Height Manipulation: Part 2
Height manipulation is an important technique to learn if you ever want to design great competitive maps. Have you ever played on a map that only has 1 level? No, that would be boring, especially compared to maps that have 3 or 4 levels to play around in. Correctly using different types of height manipulation can make you map so much more interesting, but if you screw it up, the effect will turn people away. Before we dive in, let me explain a word I use a lot: height. Example: There are 2 heights. What I mean by height is that there are 2 areas, and one is at a higher elevation than the other. That’s all I mean by the word height.
Jumping is the simplest form of height manipulation, and it’s also user controlled. By taking a look at why people jump, we can figure out why we want different heights in our map. People jump for two reasons.
- Jumping allows the player to suddenly be somewhere else, in most cases, higher than where they were. If you are in a BR fight, its sudden movements that are to your advantage, because it requires more skill to suddenly move your reticule somewhere completely different than to just slowly follow your opponents head. It is the difference between walking and strafing. Pros can follow where you walk, but if you have a good strafe; it’s much harder to keep up with where your head is. Jumping is similar, where if you head keeps bobbing up and down, it’s a much harder target than something staying on a singly level.
- Jumping gives you a height advantage, even though it is only for a short amount of time. Lets actually discuss why being higher is an advantage. If you where looking at somebody directly above you, what would you see? Their butt. You cannot see their head because the rest of their body is shielding it from you. If, however, if you were directly above them, all you would see is their head, making it a much bigger and easier to hit target. So as you go higher than your enemy, your head becomes harder to shoot, while theirs becomes easier. Jumping gives you this advantage, and while it’s minimal in effect, and lasts a short time, it does help.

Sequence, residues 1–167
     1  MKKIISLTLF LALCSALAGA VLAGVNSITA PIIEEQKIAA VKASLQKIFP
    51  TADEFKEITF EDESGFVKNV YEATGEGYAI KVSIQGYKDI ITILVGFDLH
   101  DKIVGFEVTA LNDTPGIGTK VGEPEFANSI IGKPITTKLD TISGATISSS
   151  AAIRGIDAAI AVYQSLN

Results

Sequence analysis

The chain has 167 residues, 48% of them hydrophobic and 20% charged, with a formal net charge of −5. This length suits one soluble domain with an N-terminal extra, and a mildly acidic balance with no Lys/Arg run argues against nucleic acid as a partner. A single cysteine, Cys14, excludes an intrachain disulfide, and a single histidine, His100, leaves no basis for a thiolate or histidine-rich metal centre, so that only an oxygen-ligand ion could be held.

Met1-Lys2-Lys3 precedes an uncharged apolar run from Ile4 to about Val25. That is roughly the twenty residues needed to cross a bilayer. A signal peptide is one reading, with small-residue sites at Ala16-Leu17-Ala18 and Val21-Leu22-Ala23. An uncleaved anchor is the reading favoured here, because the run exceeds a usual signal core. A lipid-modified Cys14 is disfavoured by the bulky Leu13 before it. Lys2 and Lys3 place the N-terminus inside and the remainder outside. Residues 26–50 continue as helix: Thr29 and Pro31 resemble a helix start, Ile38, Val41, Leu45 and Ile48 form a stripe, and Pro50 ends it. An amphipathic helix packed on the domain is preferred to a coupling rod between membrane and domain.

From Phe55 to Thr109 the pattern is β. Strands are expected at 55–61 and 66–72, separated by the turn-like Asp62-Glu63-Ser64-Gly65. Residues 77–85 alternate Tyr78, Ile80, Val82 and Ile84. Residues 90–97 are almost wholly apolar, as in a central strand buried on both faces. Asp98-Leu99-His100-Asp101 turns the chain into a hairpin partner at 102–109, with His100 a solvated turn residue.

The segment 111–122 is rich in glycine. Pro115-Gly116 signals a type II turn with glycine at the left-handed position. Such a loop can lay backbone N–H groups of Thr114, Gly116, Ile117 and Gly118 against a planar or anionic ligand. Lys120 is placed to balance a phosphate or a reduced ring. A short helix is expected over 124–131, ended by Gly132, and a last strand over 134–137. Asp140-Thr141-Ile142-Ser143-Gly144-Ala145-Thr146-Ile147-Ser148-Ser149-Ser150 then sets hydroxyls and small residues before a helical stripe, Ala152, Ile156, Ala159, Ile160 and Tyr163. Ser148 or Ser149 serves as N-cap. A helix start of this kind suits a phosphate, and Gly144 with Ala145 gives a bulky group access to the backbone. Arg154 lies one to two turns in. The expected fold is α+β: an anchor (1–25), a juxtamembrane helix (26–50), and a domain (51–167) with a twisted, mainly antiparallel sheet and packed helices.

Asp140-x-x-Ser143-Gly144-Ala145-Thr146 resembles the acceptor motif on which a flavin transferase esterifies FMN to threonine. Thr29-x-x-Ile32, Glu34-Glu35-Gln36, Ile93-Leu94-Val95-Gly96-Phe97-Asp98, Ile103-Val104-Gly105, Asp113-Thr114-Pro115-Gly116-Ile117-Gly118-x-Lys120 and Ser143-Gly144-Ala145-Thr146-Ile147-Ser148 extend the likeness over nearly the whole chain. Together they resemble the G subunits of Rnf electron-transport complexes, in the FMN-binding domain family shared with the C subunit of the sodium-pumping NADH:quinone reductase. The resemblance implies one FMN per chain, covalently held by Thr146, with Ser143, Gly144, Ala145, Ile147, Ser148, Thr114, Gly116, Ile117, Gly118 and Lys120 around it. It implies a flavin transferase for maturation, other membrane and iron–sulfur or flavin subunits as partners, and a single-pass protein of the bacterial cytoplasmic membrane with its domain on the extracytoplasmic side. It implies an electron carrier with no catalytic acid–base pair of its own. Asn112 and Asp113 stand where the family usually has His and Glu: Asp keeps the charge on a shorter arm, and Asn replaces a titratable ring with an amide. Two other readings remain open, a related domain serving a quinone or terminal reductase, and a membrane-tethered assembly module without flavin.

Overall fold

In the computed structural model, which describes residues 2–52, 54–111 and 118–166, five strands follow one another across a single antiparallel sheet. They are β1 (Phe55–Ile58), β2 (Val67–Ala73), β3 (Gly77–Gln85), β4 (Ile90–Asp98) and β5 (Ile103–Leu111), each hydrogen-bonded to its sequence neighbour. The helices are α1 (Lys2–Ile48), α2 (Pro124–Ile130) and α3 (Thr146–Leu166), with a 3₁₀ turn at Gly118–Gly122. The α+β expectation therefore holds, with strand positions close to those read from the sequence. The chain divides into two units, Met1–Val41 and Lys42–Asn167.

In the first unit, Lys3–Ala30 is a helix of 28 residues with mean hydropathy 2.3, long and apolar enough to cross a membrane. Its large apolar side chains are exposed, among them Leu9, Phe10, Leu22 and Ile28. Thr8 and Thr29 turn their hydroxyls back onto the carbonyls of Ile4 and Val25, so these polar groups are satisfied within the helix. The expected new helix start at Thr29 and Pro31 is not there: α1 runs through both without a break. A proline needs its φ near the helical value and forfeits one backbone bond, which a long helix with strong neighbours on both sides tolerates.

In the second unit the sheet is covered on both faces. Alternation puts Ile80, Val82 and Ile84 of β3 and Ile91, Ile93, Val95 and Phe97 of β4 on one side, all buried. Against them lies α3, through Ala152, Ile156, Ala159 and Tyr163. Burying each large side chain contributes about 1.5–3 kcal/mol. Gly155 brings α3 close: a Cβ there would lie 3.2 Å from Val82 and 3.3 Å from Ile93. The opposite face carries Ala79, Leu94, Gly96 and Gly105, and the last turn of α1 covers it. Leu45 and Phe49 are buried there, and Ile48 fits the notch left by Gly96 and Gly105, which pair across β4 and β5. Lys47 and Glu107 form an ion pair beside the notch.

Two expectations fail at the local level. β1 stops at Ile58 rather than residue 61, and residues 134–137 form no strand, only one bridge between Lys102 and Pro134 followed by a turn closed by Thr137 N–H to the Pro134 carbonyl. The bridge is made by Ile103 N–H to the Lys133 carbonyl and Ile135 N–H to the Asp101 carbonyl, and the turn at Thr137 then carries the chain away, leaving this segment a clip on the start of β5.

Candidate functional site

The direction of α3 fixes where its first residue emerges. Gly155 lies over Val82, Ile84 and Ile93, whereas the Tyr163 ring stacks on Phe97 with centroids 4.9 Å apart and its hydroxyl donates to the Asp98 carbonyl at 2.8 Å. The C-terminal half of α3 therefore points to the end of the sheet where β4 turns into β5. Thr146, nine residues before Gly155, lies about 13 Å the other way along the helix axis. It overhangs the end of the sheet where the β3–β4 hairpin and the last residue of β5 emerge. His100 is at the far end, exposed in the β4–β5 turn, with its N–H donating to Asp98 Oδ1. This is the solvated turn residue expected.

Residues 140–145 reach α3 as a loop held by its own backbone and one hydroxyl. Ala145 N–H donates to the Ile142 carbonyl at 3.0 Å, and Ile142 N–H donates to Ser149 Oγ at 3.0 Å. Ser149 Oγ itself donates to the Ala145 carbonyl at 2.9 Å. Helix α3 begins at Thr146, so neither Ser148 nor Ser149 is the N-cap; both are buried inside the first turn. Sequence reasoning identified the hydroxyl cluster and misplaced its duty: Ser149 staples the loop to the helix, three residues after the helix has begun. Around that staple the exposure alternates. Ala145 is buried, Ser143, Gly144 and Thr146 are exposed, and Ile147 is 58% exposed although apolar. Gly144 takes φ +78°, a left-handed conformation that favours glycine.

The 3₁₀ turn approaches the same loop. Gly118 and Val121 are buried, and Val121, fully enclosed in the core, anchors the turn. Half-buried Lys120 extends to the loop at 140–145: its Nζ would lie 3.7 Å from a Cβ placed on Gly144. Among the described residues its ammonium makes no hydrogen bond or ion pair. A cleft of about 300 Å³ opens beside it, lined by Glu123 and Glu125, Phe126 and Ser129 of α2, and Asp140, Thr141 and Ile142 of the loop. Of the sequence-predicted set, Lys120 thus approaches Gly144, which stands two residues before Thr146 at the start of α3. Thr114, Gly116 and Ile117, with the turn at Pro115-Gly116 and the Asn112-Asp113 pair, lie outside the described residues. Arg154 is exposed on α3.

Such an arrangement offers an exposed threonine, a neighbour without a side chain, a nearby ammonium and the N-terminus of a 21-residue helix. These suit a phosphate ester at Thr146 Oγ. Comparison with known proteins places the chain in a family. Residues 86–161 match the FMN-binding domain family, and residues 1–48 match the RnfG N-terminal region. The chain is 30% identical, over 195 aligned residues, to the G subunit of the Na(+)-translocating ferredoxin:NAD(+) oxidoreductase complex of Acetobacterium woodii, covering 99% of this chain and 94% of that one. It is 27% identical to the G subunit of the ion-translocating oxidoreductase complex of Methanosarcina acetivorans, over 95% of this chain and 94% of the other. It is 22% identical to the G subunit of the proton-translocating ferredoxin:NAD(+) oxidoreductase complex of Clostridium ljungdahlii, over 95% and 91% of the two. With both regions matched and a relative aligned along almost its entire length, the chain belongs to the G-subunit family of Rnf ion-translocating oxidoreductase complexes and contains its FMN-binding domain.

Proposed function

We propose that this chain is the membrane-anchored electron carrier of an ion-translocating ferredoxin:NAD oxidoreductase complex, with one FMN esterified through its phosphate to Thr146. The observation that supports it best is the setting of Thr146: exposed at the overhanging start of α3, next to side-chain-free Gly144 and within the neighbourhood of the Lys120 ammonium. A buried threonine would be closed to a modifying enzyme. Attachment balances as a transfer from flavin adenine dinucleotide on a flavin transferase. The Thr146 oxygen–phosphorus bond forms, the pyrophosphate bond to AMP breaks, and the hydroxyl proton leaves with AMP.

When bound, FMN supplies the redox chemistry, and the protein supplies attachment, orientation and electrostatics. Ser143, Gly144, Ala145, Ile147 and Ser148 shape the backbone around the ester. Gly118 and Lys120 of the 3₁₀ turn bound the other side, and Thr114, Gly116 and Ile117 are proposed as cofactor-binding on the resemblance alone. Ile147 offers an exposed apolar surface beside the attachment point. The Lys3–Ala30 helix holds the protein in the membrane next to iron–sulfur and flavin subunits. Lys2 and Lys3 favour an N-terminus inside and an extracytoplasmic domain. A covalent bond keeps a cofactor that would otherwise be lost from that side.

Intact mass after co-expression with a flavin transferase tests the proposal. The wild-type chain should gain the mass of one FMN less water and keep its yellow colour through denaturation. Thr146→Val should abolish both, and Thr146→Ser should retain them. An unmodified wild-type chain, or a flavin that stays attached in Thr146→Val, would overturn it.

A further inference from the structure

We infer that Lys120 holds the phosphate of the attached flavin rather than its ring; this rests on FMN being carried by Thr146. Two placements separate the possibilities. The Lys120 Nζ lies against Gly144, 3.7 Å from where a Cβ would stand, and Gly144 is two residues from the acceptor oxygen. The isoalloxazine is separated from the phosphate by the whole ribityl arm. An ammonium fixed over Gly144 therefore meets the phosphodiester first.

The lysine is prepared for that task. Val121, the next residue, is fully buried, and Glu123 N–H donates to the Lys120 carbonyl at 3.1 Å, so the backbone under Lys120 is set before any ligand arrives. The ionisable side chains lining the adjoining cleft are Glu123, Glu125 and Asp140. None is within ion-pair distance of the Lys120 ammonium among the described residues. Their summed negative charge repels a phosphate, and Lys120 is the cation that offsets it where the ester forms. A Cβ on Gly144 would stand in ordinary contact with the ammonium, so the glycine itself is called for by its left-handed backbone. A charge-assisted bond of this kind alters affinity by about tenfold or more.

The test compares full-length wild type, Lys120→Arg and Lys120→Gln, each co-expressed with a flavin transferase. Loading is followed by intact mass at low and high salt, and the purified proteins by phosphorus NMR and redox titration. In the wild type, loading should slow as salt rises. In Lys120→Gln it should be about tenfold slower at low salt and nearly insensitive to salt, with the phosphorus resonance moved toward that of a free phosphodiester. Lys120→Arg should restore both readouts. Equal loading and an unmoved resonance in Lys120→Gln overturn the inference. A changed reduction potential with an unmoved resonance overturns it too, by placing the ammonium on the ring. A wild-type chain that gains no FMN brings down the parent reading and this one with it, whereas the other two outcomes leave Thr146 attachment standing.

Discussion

Those two reasons translate directly into why you need height variation in maps. There are 2 types of height variation. Each one focuses on one of the reasons above. Let’s dive in, shall we.
Drop heights are easily the most used in user created forge maps, mainly because it is easier to forge. This type of height variation is essentially when one height drops off directly to another height. The Pit offers the best example of this.
See how the top platform just stops and then the floor continues lower than where the platform was. This is the easiest way to look at it, but drop height can also be over large areas of the map. From the top of Construct to the bottom, that is a drop height. This…
is also a drop height. Whenever there are 2 heights in which the change to them isn’t gradual, you have a drop height. What that means is that the top height doesn’t have a ramp to the bottom height. When the top height is done, it just drops off, like a cliff.
The other type of height is rolling. This is more specific to Bungie maps, particularly because they have the tools to create it with ease, but with the coming of Halo: Reach and coordinate editing, rolling heights may be more common. Rolling heights are based on hills, arcs, and ramps... One of the best examples is on Narrows.
See the long arc the goes across the entirety of the map. Well, that is rolling height. Whenever you play on Narrows there is always that rush to the middle and you always wait for the other teams head to just poke over the top of the arc, and that’s when you start shooting. The other player can move back down to get into cover, but you can move up to see more of them. Rolling height doesn’t have to be that noticeable though. It can be just slight variations in height, like in Valhalla.
See. Look at any of Bungie’s terrain and you will get a good picture of rolling height. It’s basically a gradual change in height over a specific area. There is one more type of rolling height. Ramps.
This is how forgers create rolling height. While it’s not as complex as Bungie’s terrain, it does offer a gradual change in height over a specific area.
That's all for part 1. Tune in later this week (Thursday or Saturday... who know?) for the second part of Bartoge's Height Manipulation theory. Please give him as much feedback as you possibly can on his writing style, comments on his theory, or anything else that you may want to comment on... like whether or not you like these special guest posts. Remember you too can share your theories on Reaching Perfection. Just get in touch with me somehow and let me know. If I think it is atleast a decent thought for an idea then we can get you setup with your own post time. Til' tomorrow's Forge Lesson... laterz peepz.